Can you believe Air Canada has this guy on the payroll to do this job? So here's customer service lesson 101; take every job on the payroll that is standing in the way of your business offering offending "service" to your customers in your company, and you might just be able to give away that bag of peanuts rather than asking your customers to pony up for a Toonie (a 2 dollar Canadian coin). Yep, 2 bucks for peanuts on Air Canada now, even on a five hour flight coast to coast!

Post Script: TUMI is safe, the bag fit fine. Sorry, no refund from TUMI and no bonus of $450 bucks fella.


  • If the streamlined technology fails to support the customer's convenience, make sure you make his/her life as inconvenient as possible; delay, delay, argue, delay.

On two occasions now, I've made the mistake of going up to the Air Canada counter agent to get my ticket I should have been able to get at the computer kiosk (ok, I'm a slow learner - but when I did finally get my ticket, it was the Gestapo that caught me at Security).

Little did I know that the Gestapo starts at the check-in counter with the ticket Agents! I was asked to put my bag on the scale, and when it didn't pass the weight test, I took out my books I was taking back East (now it hit the ridiculously low 20 lbs max at Air Canada for carry on). I had to argue (ok implore) to get to roll my bag on as I put my books in my back-pack brief case; it felt like a sorry episode of Law and Order while I stood there arguing my "case" to get to the plane to make my connection.

The result? I finally got to roll my bag through to the plane, which used a cart system on this commuter (that's where you put your bag on a cart anyway, and they put it in with the checked bags. The only difference being you get to roll it to your next flight, which is a BIG difference in the Vancouver airport if you have a tight connection). And this was a tight connection to get to my Toronto flight (which the Gestapo could clearly see on his screen).

The commuter from Victoria was now about to leave after this 30 minute discourse; once through security, which is always fast at Victoria, and a short hop to the Air Canada gate, a good 10 minutes before the flight, I see the same Agent. "Sir, the flight is closed, it's 10 minutes to take off." Having no more energy and realizing I'm now in a Saturday Night live episode, I watched the plane sit on the tarmac for 10 minutes. My favorite Air Canada Gestapo Agent came out of the jet way, the door closed; I sat watching the prop airplane take off.

This delay cost me a day - my next best flight was the next morning to get to Toronto with an over night required in the Vancouver Fairmont (although it's a fabulous hotel, and I got in a work out to blow off the stress). I had to stay overnight, take the next flight out at 6am to the East Coast, losing what should have been a half a day of business meetings that I had to reschedule . but wait, there's more to the story .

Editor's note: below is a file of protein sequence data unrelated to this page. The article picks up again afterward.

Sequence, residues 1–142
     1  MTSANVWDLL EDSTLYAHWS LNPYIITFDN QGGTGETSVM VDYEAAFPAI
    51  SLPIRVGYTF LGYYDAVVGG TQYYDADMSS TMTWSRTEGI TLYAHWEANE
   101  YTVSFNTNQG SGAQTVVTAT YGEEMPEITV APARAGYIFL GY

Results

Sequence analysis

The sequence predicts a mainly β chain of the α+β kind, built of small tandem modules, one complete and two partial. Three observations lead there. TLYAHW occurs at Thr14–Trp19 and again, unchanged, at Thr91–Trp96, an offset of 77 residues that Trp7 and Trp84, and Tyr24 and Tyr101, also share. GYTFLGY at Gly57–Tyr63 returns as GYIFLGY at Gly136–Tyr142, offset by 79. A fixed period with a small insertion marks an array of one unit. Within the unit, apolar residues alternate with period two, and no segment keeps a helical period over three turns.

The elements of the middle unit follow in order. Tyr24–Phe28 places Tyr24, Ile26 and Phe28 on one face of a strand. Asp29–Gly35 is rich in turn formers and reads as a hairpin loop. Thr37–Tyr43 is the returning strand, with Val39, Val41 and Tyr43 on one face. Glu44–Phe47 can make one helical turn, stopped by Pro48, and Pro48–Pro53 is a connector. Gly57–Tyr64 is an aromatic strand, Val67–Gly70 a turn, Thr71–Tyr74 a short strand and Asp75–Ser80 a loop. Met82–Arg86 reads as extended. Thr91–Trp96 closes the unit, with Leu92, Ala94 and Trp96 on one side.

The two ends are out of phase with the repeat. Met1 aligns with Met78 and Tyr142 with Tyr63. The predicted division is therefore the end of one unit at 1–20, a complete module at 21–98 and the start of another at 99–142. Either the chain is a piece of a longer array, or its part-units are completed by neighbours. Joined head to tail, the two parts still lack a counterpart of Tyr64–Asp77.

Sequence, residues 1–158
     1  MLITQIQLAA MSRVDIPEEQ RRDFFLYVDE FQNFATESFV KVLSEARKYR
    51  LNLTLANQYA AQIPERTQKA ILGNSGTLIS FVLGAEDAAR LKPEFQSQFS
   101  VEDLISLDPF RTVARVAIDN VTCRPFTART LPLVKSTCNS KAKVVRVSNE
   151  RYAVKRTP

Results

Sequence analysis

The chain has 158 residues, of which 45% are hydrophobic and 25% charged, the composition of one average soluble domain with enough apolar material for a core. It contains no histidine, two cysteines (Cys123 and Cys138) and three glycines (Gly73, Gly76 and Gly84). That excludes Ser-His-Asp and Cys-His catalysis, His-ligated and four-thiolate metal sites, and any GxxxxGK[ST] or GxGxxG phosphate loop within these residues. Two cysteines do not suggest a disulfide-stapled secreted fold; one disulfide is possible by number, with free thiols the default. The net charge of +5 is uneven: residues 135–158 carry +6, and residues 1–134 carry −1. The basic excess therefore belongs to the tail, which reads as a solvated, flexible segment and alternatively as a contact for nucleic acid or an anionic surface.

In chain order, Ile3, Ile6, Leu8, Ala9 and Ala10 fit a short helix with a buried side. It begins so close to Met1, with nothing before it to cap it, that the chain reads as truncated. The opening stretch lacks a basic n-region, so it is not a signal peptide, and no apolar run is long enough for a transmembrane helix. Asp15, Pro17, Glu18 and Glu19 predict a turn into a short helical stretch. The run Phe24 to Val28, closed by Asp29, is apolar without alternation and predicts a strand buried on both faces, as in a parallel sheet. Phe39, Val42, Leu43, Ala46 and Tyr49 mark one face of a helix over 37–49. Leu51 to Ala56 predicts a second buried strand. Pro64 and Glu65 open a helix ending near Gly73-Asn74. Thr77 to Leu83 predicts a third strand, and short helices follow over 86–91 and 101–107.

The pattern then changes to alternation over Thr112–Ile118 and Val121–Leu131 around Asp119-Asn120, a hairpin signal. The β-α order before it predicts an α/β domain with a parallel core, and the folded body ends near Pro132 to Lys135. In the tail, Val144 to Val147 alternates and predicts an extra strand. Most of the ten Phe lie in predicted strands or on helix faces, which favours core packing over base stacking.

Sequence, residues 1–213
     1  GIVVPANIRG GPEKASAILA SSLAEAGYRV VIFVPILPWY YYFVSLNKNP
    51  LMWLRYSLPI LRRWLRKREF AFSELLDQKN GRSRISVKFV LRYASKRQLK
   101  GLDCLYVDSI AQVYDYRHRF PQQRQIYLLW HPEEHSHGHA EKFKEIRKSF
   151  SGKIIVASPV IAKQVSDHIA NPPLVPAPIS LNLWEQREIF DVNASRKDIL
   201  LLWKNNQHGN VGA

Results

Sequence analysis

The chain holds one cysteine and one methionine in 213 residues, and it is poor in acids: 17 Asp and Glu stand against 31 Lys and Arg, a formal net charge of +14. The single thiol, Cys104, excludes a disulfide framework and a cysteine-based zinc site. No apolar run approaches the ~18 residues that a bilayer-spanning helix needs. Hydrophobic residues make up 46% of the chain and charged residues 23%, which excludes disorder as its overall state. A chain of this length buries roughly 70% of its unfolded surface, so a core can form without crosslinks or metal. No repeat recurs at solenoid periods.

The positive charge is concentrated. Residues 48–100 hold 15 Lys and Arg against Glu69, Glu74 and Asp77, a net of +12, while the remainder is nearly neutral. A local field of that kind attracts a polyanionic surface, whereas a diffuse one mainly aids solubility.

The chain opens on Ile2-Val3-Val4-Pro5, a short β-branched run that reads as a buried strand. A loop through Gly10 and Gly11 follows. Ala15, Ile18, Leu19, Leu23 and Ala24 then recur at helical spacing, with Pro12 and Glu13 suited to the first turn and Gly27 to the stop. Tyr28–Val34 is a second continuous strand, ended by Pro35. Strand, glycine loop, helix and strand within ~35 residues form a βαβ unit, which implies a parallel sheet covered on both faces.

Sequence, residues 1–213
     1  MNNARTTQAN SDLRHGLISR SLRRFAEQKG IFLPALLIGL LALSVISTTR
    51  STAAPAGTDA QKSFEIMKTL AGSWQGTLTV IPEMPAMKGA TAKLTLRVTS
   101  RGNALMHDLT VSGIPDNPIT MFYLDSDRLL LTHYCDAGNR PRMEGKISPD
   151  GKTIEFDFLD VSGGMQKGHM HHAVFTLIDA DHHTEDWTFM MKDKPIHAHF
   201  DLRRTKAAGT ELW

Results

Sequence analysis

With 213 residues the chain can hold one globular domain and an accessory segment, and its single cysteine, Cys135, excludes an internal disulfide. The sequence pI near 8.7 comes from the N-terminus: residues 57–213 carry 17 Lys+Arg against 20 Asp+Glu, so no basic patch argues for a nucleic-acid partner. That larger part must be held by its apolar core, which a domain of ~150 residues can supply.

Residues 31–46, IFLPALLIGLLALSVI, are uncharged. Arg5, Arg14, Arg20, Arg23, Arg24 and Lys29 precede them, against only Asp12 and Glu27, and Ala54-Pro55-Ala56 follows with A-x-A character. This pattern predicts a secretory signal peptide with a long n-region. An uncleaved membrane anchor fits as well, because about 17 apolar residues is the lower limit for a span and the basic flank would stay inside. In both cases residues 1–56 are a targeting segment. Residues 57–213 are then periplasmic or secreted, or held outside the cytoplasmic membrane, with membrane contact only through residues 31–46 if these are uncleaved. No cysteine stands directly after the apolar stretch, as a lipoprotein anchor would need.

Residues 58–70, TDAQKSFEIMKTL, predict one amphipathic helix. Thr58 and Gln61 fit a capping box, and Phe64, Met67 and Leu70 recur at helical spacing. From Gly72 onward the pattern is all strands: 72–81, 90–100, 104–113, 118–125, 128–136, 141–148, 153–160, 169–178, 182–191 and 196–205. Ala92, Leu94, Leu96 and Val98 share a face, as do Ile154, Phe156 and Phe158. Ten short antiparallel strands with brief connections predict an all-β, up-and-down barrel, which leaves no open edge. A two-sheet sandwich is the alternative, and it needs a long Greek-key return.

And this is not the first time Air Canada, has made business travel a nightmare, but a second on the same issue (ok, ok, I'm a slow learner).

Solution, don't fly Air Canada (they don't need the money anyway, they're protected in Bankruptcy and with Government grants, or give up and check the bag, forget the $450 bucks you paid TUMI for the carry on qualified luggage) and check it. Take a bigger bag (more weight uses more fuel). Wait for it, so Air Canada can employ more people on the payroll to bring the bag you could have carried yourself. Spend the extra 30 – 45 minutes time, while they do their redundant job, rather than saving the fuel, payroll and my time when, rather, I could just get to the cab at the other end of my flight.

On another occasion, I missed a very important meeting with some Government officials, same reasons, same circumstances, heck, for all I know it was the same Air Canada ticket agent; no it wasn't, it was the "Borg," they have been assimilated..

Take-off (Take Away) Lesson #2:

Funny, West Jet loves helping me get on with my compliant roller bag. But then, their flight attendants help clean the plane at the end of the flight too (just like on Southwest in the US) - hmm, less fuel, less payroll, faster unloads for the people who have to check bags'. I wonder??!!

Know your business and business travelers (or the frequent flyers in your business).

Air Canada, United and Delta, all the Chapter 11 Operations Manual holders, have, like most of us, customers who know their business better than they do. Well the customer part anyway, after all, the customers wear their own shoes (unless going through security for a few minutes).

Who do you thinks travels more? The Road Warrior Executives, the Gestapo, or Airline Ticket Agents? We road warriors don't want to crowd the aisles or keep our bags in front of our feet on a five hour flight any more than we want to wait an extra 30 minutes at the other end to claim our bags. We do this for a living - do what you do for a living the best, and know that your customer is not trying to make your business or your life miserable; they are just trying to be efficient and productive. Just like you are; unless, of course, you have Chapter 11 in your operations manual.


  • Charge for everything, every little thing. In fact make it unbearable unless you charge for it. Starve them, freeze them, and then BRIBE them to solve the problem. It doesn't matter how much, $2 bucks, $5 bucks, just make sure to get them so damn hungry or cold that they have to crack open the wallet.

Take-off (Take Away) Lesson #3:

It's $2 for a bag of nuts on Air Canada, $5 bucks for a stale sandwich and I couldn't believe this one; I was on the plane to Toronto, finally (the 6am flight I was bumped to had a mechanical failure and needed to be disembarked, reloaded on the 8:30am flight), and it was Freeeeezing. I had a sport coat. An elderly lady asked the kind flight attendant for a pillow and blanket .

Flight Attendant "We have a blow up pillow and blanket in a packet. You can keep the pillow . it's $2".